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Testicular organoids and knock-down in vitro via gapmers as tools to study the spermatogonial stem cells in zebrafish (Danio rerio)

Grant number: 19/26306-5
Support type:Scholarships abroad - Research
Effective date (Start): May 01, 2021
Effective date (End): August 31, 2021
Field of knowledge:Agronomical Sciences - Fishery Resources and Fishery Engineering - Inland Water Fishery Resources
Principal researcher:Rafael Henrique Nóbrega
Grantee:Rafael Henrique Nóbrega
Host: Hamid Reza Habibi
Home Institution: Instituto de Biociências (IBB). Universidade Estadual Paulista (UNESP). Campus de Botucatu. Botucatu , SP, Brazil
Research place: University of Calgary, Canada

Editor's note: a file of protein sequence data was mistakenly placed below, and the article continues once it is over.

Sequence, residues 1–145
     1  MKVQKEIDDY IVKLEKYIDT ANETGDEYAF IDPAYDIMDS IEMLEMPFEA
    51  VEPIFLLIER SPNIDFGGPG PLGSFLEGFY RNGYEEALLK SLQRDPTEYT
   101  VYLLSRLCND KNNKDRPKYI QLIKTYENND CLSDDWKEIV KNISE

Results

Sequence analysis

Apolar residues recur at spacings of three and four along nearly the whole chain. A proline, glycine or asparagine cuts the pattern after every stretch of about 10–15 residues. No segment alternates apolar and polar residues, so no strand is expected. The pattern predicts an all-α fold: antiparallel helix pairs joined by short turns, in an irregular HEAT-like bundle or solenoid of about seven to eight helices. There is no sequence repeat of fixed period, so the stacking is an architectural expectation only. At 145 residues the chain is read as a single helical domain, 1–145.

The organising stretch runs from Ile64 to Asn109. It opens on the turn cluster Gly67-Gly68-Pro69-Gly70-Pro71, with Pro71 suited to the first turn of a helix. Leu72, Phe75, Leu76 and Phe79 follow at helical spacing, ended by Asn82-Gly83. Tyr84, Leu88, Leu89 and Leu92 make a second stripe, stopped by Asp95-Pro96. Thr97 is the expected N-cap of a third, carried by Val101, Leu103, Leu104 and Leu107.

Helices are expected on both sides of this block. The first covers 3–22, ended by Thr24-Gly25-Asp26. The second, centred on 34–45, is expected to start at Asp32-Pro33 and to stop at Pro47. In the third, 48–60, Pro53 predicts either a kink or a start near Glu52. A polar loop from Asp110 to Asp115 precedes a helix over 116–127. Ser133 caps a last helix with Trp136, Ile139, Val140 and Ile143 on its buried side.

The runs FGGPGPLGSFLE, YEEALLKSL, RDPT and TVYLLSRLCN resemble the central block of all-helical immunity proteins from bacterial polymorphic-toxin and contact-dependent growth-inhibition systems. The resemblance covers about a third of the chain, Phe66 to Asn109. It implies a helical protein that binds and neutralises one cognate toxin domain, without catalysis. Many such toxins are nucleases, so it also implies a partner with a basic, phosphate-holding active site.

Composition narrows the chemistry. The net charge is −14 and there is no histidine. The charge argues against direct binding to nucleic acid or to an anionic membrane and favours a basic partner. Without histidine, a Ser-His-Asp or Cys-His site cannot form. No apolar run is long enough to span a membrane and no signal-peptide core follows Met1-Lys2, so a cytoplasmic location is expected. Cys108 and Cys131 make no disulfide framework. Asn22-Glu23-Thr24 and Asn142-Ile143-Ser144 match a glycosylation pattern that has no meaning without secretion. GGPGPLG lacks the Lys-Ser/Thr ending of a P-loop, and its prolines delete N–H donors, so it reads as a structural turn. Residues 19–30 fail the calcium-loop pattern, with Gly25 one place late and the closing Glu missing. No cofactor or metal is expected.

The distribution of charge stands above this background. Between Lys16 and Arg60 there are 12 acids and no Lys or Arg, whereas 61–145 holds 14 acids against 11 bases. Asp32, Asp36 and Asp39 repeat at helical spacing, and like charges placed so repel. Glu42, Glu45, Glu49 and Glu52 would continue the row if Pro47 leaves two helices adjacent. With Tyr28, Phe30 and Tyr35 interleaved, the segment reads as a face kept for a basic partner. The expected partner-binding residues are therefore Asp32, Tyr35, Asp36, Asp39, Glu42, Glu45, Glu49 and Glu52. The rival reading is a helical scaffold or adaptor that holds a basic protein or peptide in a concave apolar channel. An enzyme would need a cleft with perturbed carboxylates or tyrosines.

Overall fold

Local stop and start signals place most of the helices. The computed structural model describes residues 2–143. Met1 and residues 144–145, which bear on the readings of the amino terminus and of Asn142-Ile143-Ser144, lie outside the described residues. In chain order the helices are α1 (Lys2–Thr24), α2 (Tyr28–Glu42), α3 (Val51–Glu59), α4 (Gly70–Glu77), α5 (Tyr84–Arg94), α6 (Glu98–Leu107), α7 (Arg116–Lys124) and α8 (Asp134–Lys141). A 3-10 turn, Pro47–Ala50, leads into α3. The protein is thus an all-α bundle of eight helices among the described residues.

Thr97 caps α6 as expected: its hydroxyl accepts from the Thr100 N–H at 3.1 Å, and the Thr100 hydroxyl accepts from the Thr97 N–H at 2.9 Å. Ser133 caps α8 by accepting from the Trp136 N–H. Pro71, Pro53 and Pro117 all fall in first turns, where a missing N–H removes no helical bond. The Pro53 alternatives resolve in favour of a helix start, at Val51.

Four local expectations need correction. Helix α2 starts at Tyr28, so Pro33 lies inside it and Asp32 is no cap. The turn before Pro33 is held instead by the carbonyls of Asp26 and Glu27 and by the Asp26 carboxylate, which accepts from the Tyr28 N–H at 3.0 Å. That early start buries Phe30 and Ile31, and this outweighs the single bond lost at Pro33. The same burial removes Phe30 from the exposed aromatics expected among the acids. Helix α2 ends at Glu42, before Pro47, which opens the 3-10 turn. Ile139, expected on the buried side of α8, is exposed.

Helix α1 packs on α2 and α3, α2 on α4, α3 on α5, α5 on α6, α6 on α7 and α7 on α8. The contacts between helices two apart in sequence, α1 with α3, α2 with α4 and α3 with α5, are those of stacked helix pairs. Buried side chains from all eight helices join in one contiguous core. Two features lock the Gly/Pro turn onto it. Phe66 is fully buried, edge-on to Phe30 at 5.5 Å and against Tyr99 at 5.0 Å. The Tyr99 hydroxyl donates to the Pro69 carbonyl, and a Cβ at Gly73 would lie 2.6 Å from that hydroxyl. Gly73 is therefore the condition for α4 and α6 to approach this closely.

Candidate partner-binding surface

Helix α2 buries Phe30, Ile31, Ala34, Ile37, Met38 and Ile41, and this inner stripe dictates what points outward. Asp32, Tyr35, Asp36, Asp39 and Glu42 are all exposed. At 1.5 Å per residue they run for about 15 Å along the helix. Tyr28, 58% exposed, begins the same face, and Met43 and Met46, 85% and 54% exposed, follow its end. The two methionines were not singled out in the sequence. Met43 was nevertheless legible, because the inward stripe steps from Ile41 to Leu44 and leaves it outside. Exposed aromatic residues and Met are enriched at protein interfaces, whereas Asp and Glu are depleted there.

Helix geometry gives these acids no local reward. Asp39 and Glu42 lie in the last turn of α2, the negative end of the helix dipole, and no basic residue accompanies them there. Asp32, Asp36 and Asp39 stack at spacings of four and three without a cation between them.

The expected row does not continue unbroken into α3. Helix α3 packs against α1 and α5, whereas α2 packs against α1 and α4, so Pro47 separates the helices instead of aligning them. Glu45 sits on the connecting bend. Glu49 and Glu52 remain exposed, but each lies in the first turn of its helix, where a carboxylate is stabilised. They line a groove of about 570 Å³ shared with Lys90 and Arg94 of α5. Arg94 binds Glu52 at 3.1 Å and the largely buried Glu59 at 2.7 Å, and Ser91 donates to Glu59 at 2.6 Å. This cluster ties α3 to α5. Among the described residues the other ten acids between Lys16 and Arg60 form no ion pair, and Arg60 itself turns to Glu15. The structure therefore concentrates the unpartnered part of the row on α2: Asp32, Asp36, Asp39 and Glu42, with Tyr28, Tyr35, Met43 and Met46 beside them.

Testicular organoids are in vitro three dimensional clusters derived from testicular cells. These clusters exhibit the same cytoarchitecture and functionality of a testis in vivo. To achieve this, the organoids are originated from stem cells (spermatogonial stem cells) and somatic cells that recapitulate the testis morphogenesis, and mimic the complex cellular and molecular interactions present in the organ. Therefore, organoids are powerful tools to study testis development, spermatogenesis per se, cellular interactions, and regulation of the spermatogonial stem cells in their niche. Moreover, testicular organoids can be excellent models for toxicological studies. They can be used for high-throughput screening for drug toxicity, as well as models to understand how environmental toxicants affect spermatogenesis. To our knowledge, there are no testicular organoids developed for fish until now. Thus, if developed, this technology will allow a more detailed investigation on fish spermatogenesis, and also about the effects of environmental contaminants on spermatogonial stem cells. Another interesting tool is the LNA" GapmeRs system to perform in vitro knockdown studies. This technology has been shown to be very efficient to inhibit the in vitro expression of specific transcripts. In comparison to knockout technologies (TALENT or CRISPR/CAS9), this method is faster, and can be applied for any target gene without lethality. Thus, LNA" GapmeRs can be a powerful tool to investigate the role of selected target genes on fish spermatogenesis and spermatogonial stem cell regulation. This research proposal, in a first moment, aims to generate 3D testicular organoids using zebrafish as model. Subsequently, to evaluate the efficiency of the employed method, testicular organoids will be characterized by morphological and functional assays. Once characterized, testicular organoids will be exposed to environmental contaminants to evaluate the effects of theses contaminants on the zebrafish spermatogonial stem cells. Finally, we will use LNA" GapmeRs system to examine the roles of selected target genes in the zebrafish spermatogenesis. In summary, this research proposal, to be developed in the University of Calgary, will allow the development of modern technologies for the study of fish spermatogenesis/spermatogonial stem cells, from functional and toxicological aspects. Furthermore, this will be an excellent opportunity for learning, strengthen the existing collaborative research with Dr. Hamid Habibi, and for further applying these new technologies in Brazil. (AU)

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